Results: Seventeen residents with depressive symptoms and 13 volunteers were successfully recruited within the expected six-month timeframe. Both residents and volunteers were satisfied with the intervention (7/8), and there was a high (87%) completion rate. The intervention was associated with a large and statistically significant reduction in resident depressive symptoms, d = – 1.14, with the effect increasing to d = 2.82 when comparing baseline to 3-month follow-up.

Conclusions: This 8-week volunteer led behavioural activation intervention was found to be feasible and acceptable to depressed RACF residents. The intervention was effective in ameliorating depression. A larger randomized controlled trial is warranted.

Sativex® for the Treatment of AgitatioN in Dementia (STAND trial) – a feasibility study: Chris Albertyn, Kings College London.

People living with dementia often experience a myriad of behavioural and psychological symptoms of dementia (BPSD). Anxiety and agitation are highly common within BPSD, negatively impacting their health, accelerating dementia progression, and are distressing both to patients and those caring for them. They also cost society a great deal, with increased hospitalisations, cost of care and earlier institutionalisation. Unfortunately, current treatments for these symptoms do not work very well and have a lot of unwanted side-effects. Recently, cannabis-based medicinal products have emerged as potentially safer alternative candidates for agitation as they display effective anti-nausea, anti-anxiety and analgesic properties. However, there is little systematic and robust evidence support these encouraging early reports. Moreover, we specifically hope to investigate Sativex®, administered as an oral-spray, containing 50% delta-9-tetrahydrocannabinol (THC) and 50% cannabidiol (CBD) for agitation in dementia. This combination is particularly pertinent as THC reduces pain, anxiety and sleep disturbances; and CBD reduces delusions and hallucinations.

We will be conducting a mixed-methods, randomised, double-blind, parallel group, placebo-controlled phase II clinical trial, recruiting 60 people with dementia displaying behavioural symptoms from nursing homes, with the aim to assess the safety, feasibility & acceptability within a nursing home context, and estimate the effectiveness of Sativex® for agitation in dementia.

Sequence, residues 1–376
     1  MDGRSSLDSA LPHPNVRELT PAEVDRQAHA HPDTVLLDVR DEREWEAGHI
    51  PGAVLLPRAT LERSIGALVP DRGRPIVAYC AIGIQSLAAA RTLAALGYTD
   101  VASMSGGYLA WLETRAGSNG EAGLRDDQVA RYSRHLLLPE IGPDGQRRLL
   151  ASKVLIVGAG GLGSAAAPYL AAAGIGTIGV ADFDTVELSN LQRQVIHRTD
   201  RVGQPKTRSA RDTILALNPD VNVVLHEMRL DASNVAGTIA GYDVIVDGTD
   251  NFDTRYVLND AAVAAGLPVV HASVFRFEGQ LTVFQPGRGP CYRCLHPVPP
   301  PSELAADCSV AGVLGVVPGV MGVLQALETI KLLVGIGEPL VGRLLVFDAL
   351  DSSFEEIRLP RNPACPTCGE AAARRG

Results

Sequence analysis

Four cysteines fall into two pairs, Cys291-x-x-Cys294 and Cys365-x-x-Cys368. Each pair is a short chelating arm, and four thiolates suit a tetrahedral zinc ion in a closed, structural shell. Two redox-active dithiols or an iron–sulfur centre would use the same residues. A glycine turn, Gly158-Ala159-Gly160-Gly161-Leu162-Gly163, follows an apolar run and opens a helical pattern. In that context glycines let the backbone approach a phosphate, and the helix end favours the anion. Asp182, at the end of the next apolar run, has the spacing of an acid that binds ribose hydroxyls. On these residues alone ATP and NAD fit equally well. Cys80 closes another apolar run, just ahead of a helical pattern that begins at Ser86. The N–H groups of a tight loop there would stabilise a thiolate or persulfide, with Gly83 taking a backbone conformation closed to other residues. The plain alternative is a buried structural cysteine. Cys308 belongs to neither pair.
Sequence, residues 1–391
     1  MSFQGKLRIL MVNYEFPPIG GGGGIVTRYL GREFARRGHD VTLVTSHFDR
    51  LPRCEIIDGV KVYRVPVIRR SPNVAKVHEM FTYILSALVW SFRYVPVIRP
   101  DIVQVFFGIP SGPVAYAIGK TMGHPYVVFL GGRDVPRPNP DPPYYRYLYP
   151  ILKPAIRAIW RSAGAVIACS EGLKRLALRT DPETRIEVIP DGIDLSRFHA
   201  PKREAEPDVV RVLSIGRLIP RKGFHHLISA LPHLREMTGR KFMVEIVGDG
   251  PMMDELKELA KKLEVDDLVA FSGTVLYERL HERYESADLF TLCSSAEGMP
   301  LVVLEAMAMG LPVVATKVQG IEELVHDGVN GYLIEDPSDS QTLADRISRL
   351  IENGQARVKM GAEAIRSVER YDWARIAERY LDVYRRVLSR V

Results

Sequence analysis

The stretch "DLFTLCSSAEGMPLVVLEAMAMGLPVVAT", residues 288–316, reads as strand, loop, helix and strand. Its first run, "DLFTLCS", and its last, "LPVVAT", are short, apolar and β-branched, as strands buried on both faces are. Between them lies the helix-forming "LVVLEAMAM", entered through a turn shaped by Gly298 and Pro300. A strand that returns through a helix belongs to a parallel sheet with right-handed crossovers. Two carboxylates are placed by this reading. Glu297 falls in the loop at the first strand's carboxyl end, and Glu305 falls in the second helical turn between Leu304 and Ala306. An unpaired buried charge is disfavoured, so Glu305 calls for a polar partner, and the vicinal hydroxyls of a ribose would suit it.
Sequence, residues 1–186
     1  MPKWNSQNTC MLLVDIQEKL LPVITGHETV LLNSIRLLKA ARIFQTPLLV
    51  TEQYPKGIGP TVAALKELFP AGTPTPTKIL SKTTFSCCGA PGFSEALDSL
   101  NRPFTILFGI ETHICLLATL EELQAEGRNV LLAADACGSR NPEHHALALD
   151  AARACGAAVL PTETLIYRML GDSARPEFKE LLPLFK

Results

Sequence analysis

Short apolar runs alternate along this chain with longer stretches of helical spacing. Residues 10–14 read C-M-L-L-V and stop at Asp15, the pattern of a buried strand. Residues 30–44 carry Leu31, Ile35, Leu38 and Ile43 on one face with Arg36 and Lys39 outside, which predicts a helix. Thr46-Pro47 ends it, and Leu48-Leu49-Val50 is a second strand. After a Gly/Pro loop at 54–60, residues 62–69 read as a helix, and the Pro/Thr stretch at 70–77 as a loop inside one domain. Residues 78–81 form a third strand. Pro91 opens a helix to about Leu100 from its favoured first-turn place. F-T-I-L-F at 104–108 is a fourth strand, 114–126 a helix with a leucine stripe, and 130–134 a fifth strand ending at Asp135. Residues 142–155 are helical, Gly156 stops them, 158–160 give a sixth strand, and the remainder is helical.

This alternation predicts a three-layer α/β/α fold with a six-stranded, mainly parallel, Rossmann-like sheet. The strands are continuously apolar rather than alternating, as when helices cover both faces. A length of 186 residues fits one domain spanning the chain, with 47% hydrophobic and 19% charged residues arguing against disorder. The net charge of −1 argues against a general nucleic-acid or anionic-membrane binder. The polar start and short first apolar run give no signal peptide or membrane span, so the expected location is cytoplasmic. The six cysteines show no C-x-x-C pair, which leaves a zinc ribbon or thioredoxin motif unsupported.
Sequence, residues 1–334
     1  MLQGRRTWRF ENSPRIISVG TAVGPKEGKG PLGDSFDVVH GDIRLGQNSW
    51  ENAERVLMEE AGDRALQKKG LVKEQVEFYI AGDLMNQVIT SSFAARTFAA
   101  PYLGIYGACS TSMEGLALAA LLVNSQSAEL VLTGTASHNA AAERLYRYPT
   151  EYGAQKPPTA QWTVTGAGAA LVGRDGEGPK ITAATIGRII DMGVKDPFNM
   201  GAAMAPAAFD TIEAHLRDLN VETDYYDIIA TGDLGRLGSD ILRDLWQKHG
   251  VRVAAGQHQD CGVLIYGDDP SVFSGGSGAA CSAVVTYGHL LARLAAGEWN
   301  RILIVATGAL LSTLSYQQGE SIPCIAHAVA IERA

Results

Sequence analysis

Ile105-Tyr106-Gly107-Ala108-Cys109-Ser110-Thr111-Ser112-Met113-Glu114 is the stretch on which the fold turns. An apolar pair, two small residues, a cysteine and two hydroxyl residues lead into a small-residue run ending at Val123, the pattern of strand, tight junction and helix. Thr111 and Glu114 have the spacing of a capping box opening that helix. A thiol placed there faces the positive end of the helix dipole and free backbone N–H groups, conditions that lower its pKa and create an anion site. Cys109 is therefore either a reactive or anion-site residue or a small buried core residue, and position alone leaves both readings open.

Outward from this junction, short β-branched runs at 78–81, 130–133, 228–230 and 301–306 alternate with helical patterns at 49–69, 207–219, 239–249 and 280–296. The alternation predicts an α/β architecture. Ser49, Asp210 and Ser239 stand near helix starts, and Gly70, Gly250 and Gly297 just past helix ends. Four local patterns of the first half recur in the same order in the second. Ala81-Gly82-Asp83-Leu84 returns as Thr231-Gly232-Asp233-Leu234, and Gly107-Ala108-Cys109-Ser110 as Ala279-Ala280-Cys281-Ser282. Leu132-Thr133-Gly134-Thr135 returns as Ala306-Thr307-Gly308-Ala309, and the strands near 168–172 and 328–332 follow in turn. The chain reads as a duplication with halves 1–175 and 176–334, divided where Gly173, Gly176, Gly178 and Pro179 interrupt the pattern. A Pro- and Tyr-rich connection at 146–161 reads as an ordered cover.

How can we best support the care home community through research: Developing a research network for care homes in Wales: Stephanie Green, Swansea University.

This presentation will provide an overview of the ENRICH network in the Welsh context, with a particular focus on empowering the care home community to be part of research during a pandemic. Some of the opportunities, challenges and impact of the current pandemic for supporting research in care homes will be highlighted, followed by an invitation to discuss these issues further.

The pan-Wales Enabling Research in Care Homes (ENRICH Cymru) network is affiliated with the regional ENRICH networks in England and Scotland, in development since 2012. ENRICH Cymru was developed in 2018 in response to a growing momentum to better support and involve the care home community in Wales to be part of the research agenda, and ultimately to benefit from more research opportunities.

The network in Wales promotes the exchange of research ideas and knowledge, and fosters the co-creation of research relevant to the current issues in the Care Home sector. Above all, ENRICH Cymru considers Care home managers and staff as the experts in research. This presentation comes at a critical point in time for the care home community and would welcome discussions around how care homes can be better supported to be part of research.”

Registration/Attendance details:

This symposium will take place through Zoom. Please register to attend through our Eventbrite link

The Zoom link and password will then be sent to registrants the day before the symposium.